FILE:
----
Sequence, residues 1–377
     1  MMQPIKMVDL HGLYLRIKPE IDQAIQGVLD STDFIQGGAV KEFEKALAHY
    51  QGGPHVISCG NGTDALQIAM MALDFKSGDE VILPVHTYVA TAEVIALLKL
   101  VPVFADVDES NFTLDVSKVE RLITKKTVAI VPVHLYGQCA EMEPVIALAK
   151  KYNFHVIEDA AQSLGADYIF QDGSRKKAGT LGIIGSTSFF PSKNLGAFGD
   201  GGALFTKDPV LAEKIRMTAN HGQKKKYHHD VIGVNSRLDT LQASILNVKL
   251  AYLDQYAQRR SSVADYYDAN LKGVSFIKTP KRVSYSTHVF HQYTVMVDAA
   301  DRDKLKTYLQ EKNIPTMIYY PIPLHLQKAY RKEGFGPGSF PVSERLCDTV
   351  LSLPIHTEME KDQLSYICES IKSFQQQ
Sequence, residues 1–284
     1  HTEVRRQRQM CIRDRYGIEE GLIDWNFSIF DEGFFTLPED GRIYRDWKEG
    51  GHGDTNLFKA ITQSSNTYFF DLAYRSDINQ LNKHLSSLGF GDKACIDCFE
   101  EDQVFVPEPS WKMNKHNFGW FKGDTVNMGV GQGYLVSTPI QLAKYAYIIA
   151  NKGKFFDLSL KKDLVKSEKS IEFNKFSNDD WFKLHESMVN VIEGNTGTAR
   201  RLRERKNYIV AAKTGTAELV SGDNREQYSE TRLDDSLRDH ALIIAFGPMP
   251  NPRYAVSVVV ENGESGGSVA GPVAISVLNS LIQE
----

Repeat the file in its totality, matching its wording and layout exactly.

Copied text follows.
Sequence, residues 1–377
     1  MMQPIKMVDL HGLYLRIKPE IDQAIQGVLD STDFIQGGAV KEFEKALAHY
    51  QGGPHVISCG NGTDALQIAM MALDFKSGDE VILPVHTYVA TAEVIALLKL
   101  VPVFADVDES NFTLDVSKVE RLITKKTVAI VPVHLYGQCA EMEPVIALAK
   151  KYNFHVIEDA AQSLGADYIF QDGSRKKAGT LGIIGSTSFF PSKNLGAFGD
   201  GGALFTKDPV LAEKIRMTAN HGQKKKYHHD VIGVNSRLDT LQASILNVKL
   251  AYLDQYAQRR SSVADYYDAN LKGVSFIKTP KRVSYSTHVF HQYTVMVDAA
   301  DRDKLKTYLQ EKNIPTMIYY PIPLHLQKAY RKEGFGPGSF PVSERLCDTV
   351  LSLPIHTEME KDQLSYICES IKSFQQQ
Sequence, residues 1–284
     1  HTEVRRQRQM CIRDRYGIEE GLIDWNFSIF DEGFFTLPED GRIYRDWKEG
    51  GHGDTNLFKA ITQSSNTYFF DLAYRSDINQ LNKHLSSLGF GDKACIDCFE
   101  EDQVFVPEPS WKMNKHNFGW FKGDTVNMGV GQGYLVSTPI QLAKYAYIIA
   151  NKGKFFDLSL KKDLVKSEKS IEFNKFSNDD WFKLHESMVN VIEGNTGTAR
   201  RLRERKNYIV AAKTGTAELV SGDNREQYSE TRLDDSLRDH ALIIAFGPMP
   251  NPRYAVSVVV ENGESGGSVA GPVAISVLNS LIQE